Skillsearch's Guy De Rosa offers devs a guide to what's going to be big news for the next twelve months
As 2016 sets in, the internet is inevitably littered with articles speculating on the ‘disruptive trends’ we will be in awe of at some stage of the year.
For any of you battle hardened tech-heads this can be taken with a large ladle of salt, as there’s nothing ‘disruptive’ about technology concepts and prototypes which we won’t actually get to the market of the masses until in five years’ time.
So, why don’t we look at the here and now, at the things you have probably heard of before but will only get to see in full swing this year?
1. Virtual Reality
What an easy start. You cannot move on this internet thing without VR being thrown in your face, but the reality is that we will (finally) see several millions of premium headsets – meaning not Google Cardboard – sold by major consumer electronics companies that have invested billions of pounds to create market demand. Will the released and mooted price tags hinder VR’s forecasted growth? Only time will tell.
2. 3D Printing's Inflection Point
We’ve all heard about the unbelievable capabilities of 3D printing, whether it’s printed guns, prosthetic limbs or vital organs. The problem is that we all became so obsessed with the long-term capabilities that it all feels a bit complicated and inaccessible to us, the everyday consumer – despite being told a 3D printer will be in every home by 2025.
More realistically, the opportunity here (for those of us that aren’t surgeons or rocket scientists) is the intellectual property you're creating. Plans for all manner of products, parts, and supplies will become available for download, similar to music files. The real business winners could be the designers who stand to earn royalties for each download, in the same way the IP owners of songs and movies do.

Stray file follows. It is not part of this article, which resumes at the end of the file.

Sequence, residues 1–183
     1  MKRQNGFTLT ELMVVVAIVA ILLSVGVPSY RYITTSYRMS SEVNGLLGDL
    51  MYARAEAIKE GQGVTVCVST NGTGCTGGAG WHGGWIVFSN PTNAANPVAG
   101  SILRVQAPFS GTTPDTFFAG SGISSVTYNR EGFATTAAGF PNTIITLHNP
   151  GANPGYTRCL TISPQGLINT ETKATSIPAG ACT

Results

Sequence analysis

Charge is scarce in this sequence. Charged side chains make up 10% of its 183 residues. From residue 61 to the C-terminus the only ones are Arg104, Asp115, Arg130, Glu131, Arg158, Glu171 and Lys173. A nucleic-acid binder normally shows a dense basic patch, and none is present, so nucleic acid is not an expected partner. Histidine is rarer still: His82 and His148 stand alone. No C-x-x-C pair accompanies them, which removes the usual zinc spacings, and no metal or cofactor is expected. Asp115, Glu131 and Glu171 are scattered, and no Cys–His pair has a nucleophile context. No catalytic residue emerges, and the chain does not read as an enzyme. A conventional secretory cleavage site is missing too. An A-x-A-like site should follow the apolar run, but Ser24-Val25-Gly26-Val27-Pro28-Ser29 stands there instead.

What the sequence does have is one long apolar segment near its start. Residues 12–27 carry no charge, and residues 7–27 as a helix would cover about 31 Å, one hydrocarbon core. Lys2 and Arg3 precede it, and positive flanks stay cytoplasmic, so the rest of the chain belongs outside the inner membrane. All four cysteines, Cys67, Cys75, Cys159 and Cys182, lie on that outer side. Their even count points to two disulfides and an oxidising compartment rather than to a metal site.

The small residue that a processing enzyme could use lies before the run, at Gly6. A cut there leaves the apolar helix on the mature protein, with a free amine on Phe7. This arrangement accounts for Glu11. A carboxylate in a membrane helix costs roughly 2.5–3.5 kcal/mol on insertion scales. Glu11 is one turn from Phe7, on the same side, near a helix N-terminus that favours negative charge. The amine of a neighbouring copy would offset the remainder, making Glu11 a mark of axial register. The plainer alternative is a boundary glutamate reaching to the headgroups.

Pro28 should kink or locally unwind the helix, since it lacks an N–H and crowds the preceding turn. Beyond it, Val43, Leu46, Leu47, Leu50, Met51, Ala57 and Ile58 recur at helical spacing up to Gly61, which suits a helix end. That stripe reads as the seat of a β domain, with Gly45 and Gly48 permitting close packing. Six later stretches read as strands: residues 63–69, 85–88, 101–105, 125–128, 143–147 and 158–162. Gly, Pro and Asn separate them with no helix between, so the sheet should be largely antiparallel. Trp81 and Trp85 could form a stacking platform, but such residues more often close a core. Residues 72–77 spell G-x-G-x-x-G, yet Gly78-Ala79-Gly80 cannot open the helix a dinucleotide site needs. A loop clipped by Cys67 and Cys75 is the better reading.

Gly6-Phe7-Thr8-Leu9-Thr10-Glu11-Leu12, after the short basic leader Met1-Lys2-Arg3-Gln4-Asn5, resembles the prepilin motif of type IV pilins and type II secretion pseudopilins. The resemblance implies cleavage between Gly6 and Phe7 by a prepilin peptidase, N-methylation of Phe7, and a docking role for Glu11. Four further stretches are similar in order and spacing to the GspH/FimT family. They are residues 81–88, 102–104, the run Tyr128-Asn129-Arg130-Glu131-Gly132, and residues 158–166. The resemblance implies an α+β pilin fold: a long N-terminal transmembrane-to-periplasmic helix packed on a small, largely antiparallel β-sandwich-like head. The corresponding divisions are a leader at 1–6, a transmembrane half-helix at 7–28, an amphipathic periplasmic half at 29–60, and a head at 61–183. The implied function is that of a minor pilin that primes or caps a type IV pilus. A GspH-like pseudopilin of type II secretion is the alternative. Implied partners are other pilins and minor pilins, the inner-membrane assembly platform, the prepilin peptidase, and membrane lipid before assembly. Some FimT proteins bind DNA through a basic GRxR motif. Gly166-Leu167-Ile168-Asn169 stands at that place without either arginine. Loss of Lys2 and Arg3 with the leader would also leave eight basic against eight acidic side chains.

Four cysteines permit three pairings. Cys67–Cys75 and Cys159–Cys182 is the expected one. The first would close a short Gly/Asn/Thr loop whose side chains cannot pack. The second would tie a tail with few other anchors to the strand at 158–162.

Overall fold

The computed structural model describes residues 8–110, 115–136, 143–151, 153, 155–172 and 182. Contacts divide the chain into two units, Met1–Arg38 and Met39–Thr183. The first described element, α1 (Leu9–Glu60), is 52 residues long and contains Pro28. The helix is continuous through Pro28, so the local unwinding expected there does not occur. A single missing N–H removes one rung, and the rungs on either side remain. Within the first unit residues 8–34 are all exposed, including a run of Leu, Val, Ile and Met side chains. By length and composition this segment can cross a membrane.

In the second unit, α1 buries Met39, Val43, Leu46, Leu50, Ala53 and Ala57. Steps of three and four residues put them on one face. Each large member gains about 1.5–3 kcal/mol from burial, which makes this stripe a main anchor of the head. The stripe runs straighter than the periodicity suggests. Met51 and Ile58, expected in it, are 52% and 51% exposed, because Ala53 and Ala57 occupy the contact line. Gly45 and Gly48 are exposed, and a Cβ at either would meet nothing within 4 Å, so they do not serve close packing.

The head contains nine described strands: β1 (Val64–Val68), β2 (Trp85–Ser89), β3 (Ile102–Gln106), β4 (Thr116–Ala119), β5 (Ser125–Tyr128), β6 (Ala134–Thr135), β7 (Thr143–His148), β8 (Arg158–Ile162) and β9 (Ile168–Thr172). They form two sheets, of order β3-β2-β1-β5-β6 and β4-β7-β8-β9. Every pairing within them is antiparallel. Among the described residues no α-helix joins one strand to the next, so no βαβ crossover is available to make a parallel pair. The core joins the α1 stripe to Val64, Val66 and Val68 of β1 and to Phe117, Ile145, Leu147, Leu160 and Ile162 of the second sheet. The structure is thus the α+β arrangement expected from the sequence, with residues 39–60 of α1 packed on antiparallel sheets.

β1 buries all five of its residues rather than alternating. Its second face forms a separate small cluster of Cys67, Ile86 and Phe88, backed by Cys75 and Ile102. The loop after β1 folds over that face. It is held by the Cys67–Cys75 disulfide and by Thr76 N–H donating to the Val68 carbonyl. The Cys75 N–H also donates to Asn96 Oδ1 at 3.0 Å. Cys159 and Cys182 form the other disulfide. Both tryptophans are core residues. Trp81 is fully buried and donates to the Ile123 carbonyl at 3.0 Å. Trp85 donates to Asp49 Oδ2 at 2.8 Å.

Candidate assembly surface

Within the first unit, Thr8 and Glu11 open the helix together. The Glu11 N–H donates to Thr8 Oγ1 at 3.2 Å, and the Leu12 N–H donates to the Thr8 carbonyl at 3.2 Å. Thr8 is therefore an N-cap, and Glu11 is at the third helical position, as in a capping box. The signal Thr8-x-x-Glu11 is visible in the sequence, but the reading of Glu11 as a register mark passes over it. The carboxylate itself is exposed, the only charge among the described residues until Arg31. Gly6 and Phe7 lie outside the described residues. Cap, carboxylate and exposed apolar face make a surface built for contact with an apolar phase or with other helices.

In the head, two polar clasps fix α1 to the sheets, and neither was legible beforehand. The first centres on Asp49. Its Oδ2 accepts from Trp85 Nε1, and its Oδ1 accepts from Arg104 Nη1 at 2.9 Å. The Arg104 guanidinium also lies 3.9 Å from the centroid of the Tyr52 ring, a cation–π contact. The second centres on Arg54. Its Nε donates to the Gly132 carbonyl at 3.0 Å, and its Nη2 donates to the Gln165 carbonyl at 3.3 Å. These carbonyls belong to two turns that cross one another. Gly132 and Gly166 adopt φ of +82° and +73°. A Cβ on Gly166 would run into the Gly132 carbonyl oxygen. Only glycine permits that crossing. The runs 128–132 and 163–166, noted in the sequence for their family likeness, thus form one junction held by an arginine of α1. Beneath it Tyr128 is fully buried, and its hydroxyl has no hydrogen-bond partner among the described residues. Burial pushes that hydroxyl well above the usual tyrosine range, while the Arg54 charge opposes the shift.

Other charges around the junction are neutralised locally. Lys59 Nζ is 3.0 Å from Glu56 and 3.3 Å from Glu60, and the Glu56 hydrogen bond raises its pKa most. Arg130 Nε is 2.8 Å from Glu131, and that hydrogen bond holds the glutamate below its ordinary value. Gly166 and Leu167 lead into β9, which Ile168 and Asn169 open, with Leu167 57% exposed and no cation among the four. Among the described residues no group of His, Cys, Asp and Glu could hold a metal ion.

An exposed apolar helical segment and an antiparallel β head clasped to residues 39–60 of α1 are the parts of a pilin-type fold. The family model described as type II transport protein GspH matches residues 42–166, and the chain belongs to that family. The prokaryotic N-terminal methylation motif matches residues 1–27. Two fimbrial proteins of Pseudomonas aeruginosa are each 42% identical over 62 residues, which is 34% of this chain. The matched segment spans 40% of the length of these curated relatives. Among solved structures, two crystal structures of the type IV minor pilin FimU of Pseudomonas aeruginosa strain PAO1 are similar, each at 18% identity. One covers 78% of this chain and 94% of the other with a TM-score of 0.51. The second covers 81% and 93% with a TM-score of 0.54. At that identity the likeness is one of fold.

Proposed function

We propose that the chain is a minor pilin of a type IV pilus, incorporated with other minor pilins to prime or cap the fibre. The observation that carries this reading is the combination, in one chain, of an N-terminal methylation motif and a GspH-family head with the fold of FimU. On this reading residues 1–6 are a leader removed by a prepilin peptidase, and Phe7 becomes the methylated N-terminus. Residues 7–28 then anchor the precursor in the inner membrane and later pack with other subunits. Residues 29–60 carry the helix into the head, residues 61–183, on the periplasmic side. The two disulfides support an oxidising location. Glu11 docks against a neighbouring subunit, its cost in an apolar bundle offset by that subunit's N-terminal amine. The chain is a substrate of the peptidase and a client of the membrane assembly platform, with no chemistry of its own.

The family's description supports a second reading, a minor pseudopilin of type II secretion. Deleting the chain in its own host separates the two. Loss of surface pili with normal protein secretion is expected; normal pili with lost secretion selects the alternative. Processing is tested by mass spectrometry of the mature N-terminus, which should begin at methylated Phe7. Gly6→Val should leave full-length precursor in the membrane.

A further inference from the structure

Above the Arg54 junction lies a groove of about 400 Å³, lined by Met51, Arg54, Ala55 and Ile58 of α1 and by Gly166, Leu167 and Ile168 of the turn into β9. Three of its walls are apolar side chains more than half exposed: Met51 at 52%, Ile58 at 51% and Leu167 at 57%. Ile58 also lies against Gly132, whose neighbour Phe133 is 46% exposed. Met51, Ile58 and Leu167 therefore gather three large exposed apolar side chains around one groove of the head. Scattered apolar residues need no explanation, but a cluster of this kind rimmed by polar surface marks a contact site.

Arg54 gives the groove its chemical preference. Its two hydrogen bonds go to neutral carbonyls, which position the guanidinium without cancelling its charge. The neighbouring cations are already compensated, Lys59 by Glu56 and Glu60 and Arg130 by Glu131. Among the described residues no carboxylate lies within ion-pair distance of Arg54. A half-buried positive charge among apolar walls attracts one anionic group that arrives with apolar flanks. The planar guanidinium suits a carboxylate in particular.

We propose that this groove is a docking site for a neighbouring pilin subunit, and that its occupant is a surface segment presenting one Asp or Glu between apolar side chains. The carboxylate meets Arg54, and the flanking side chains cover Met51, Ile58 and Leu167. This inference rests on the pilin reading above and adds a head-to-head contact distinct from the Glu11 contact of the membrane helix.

3. Live Streaming Gets Big(ger)
The race for the lion’s share of this popular market will really sizzle as traction catches up with the hype of Live Streaming, promising to join video on demand (VOD) as a key area of focus for media companies both young and old. Twitch proved that there is a market there, so enter the heavy weights. Live social network YouNow raised $15 million in 2015, Meerkat announced a well documented $14 million in funding from big names in Silicon Valley and Hollywood, while Twitter acquired Periscope for an astonishing $100 million.
4. eSports Makes (More) Noise
eSports – already quietly massive – will be quiet no longer, as an increasing number of stadiums will overflow with stacks of teens cheering for their favourite ‘e-Athletes’ (don’t blame me for that title, I didn’t make it up). And major brands will be fighting to sign them. With over 32 million people worldwide tuning in to watch the League of Legends world finals last year you can expect traditional sports and live event mega-players (AEG, Live Nation) to enter a digital sports community that is here to stay.
5. Internet of Things
It’s a ridiculous term which isn’t even accurate: the things do not create an Internet. All ‘IoT’ means is networkability (mainly smartphone apps) used to communicate with household gadgets like dishwashers, lights, door locks, thermostats, and so on.
Thus far, there’s been a lot more hype in IoT than actual sales but expect it to slowly rise. Samsung recently demonstrated a refrigerator with cameras inside, so that you can check to see what needs refilling next time you’re out at Tesco. If that doesn’t get you running to Dixons, what will?
6. Video (Games Continue to) Kill the Movie Star (and Everything Else)
The video game industry will continue its magnificent upward trajectory of popularity (not to mention a little respect) to out-pace and dwarf traditional media titles in terms of revenues due to VR and eSports rapid adoption. See mum, I told you that computer games weren’t a waste of time.
We're all probably wrong
The icebergs melting! The death of the Royal Mail service! The end of the world!
It’s okay to be optimistic. I recently read an article which referenced a widespread panic about the amount of horse manure accumulating on the streets of London. Apparently in 1894, The Times of London estimated that by 1950 every street in the city would be buried nine feet deep in horse manure (bringing to mind a Jeff Goldblum line from Jurassic Park - anyone?). Also in the 1890s it was concluded that by 1930 the horse dung would rise to Manhattan’s third-story windows.
What happened? The car appeared and made the horse manure problem go away overnight. We will hurt ourselves until we fix ourselves.
Much to learn we still have, young Padawans. And learn we will. Happy New Year everybody, and here’s to a great 2016.
Guy De Rosa is Games & Interactive Manager at recruitment agency Skillsearch. You can find out more about the firm at www.skillsearch.com/digital